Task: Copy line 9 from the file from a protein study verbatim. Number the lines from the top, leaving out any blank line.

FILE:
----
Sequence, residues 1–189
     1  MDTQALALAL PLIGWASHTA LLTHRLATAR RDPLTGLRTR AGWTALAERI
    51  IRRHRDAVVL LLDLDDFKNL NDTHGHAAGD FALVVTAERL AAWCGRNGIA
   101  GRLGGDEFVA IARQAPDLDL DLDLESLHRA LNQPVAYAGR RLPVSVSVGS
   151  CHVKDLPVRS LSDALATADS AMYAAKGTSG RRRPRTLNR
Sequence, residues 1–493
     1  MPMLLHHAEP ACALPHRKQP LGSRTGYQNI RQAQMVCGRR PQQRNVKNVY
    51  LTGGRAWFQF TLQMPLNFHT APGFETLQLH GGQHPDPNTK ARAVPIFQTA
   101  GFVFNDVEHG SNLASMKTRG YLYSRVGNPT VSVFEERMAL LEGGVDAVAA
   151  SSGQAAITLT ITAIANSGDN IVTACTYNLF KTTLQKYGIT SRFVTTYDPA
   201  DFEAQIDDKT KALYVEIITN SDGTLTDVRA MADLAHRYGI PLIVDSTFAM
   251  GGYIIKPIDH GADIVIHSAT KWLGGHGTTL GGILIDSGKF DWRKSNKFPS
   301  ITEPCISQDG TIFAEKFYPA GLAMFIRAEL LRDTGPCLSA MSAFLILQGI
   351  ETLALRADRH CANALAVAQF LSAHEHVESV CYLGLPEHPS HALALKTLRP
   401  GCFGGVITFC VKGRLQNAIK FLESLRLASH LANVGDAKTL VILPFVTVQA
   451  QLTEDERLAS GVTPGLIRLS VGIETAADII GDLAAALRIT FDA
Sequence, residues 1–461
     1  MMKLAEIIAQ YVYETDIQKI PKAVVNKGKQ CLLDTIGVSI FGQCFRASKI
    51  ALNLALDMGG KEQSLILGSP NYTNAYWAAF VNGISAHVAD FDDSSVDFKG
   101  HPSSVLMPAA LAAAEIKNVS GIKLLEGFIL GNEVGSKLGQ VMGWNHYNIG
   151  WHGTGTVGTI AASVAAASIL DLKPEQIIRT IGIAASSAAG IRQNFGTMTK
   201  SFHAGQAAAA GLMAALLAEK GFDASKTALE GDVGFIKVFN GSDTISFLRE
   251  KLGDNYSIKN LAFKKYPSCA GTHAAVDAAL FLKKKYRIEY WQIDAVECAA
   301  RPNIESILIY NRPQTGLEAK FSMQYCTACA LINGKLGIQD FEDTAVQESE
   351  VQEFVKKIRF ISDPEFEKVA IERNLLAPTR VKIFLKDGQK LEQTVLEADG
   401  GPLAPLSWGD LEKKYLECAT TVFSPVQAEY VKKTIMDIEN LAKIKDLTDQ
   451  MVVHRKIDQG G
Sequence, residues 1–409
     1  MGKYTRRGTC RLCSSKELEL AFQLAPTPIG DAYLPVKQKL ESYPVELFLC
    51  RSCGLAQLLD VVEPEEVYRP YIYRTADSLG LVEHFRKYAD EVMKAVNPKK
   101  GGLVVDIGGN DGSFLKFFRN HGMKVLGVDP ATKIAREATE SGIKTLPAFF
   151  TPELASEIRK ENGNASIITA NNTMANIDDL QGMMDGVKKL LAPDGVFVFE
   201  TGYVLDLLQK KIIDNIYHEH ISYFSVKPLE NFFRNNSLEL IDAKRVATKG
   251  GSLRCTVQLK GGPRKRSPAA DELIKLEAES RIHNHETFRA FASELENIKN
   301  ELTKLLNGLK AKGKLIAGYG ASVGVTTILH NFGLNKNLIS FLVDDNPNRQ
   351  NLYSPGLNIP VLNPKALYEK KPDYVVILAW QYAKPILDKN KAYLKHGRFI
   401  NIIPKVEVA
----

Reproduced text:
   101  GFVFNDVEHG SNLASMKTRG YLYSRVGNPT VSVFEERMAL LEGGVDAVAA